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Here's When A Democracy DOESN'T Need Debate

25/04/2016 8:21 AM IST | Updated 15/07/2016 8:26 AM IST
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As the hosts on a popular web comedy series put it smartly few months ago, corruption is what we "used to care about before beef." Corruption is as unfortunate for our democratic ideals as the idea of minorities feeling threatened is. But, comparing the country's mood six years ago and today shows that there is something more disturbing in action today.

Corrupt politicians shaped the political discourse during UPA-2, which has been entirely replaced today by discussions around "intolerance", Hindutva and nationalism. The stark difference is that today, during the NDA regime, one theatre of the political battle is playing out within the citizen class, which is dangerous to our unity.

We deserve neither corruption nor intolerance, but the issue of corruption was not a debate; it was a people's struggle.

The Right and the Left are dividing us into two aggressive poles, something that was not seen during the UPA rule. When you create a discourse around a crime like corruption, the citizen class gets united against the political class. But when you create a discourse around ideologies, like the one taking place currently, citizens are forced to take sides without critical thought.

The role of the ruling party and its ideological wing, the RSS, in this state of affairs is evident. It is unfortunate when ruling party MPs feed a vitriolic, divisive discourse. Regular suppression of freedom of speech and enforcement of nationalistic ideals is a clever method to appease those who support the right-wing agenda, and to provoke tempers.

Politics becomes easier when the public is ignorant and divided. This strategy was used not only by the British, but also in independent India, through vote banks and communal politics. Today, even voting for crime, corruption and poverty seems to be a better choice than voting for polarization and ideological battles within ordinary citizens, friends and family. We deserve neither corruption nor intolerance, but the issue of corruption was not a debate; it was a people's struggle. To a proven case of corruption, there are legal solutions. But, when right-wing fascist views serve little function in society except to divide us, there seems no legal solution in sight.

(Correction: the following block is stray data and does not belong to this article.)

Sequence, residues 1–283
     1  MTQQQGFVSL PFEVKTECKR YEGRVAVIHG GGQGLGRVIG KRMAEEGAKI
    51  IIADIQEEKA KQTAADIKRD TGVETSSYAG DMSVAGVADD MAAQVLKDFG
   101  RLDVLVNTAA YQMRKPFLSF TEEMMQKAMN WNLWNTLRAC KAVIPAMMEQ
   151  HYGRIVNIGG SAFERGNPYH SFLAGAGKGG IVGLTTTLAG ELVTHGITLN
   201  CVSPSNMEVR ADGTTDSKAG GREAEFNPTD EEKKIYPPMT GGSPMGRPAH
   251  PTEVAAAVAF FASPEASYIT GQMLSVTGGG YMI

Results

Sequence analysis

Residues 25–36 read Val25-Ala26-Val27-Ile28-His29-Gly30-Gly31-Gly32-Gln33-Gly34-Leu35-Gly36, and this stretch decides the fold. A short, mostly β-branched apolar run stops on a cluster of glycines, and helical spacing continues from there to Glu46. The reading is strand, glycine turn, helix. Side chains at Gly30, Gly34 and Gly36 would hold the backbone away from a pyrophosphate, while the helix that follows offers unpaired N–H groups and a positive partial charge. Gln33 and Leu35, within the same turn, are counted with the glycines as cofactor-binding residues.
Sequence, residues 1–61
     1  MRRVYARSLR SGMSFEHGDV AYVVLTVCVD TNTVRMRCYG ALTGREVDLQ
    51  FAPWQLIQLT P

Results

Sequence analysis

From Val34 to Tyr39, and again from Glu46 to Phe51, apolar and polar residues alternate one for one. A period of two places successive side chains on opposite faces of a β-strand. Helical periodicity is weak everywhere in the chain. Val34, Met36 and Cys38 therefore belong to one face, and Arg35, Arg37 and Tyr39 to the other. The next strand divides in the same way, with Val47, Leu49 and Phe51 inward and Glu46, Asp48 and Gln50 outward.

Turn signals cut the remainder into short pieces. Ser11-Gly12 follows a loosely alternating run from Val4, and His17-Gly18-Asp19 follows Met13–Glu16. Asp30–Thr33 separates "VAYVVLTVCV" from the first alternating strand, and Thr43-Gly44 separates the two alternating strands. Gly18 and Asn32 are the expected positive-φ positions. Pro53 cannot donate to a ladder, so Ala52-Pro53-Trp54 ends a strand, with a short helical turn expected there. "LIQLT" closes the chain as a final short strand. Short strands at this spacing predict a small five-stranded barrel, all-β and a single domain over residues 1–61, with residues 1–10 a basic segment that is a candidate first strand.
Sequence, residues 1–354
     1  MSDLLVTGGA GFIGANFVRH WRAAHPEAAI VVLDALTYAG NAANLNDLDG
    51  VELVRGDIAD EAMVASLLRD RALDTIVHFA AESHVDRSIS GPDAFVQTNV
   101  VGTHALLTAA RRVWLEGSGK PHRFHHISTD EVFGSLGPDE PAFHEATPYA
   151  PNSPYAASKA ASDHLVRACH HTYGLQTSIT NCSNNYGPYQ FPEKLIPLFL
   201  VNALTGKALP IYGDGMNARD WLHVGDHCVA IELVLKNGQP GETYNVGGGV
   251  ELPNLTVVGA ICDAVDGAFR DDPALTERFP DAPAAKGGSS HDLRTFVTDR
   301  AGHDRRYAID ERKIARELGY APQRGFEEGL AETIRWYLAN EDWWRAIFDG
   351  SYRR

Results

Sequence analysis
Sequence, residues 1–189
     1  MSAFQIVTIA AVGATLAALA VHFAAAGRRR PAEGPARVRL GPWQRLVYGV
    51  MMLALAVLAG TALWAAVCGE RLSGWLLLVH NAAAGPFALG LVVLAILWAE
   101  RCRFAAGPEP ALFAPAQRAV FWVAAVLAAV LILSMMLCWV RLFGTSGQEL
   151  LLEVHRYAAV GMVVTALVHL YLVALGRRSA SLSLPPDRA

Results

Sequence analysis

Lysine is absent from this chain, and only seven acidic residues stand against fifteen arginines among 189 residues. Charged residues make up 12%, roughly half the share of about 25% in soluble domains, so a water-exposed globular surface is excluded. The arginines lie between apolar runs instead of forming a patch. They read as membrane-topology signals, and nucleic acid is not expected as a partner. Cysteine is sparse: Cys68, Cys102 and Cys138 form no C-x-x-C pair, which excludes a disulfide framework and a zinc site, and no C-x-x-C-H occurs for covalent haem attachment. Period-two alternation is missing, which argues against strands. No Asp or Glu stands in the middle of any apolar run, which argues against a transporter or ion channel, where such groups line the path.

There is much more outrage about ideology than about issues that actually affect us... Plurality of opinions is a good thing, but polarization is not.

Another damage done by the prominence of such political debate is that actual issues, including corruption itself, are going out of the discussion. There is much more outrage about ideology than about issues that actually affect us. At least, during the UPA rule, we were discussing corruption, poverty and development. Today, howsoever hard the Prime Minister tries, the public discourse is centring on topics that do not even deserve any doubts given how India was envisioned.

Plurality of opinions is a good thing, but polarization is not. As we talk of perceived intolerance, our own intolerance towards views different from our own is today shaping a threatening rift in the public discourse, and the role of the party in power cannot be ignored.

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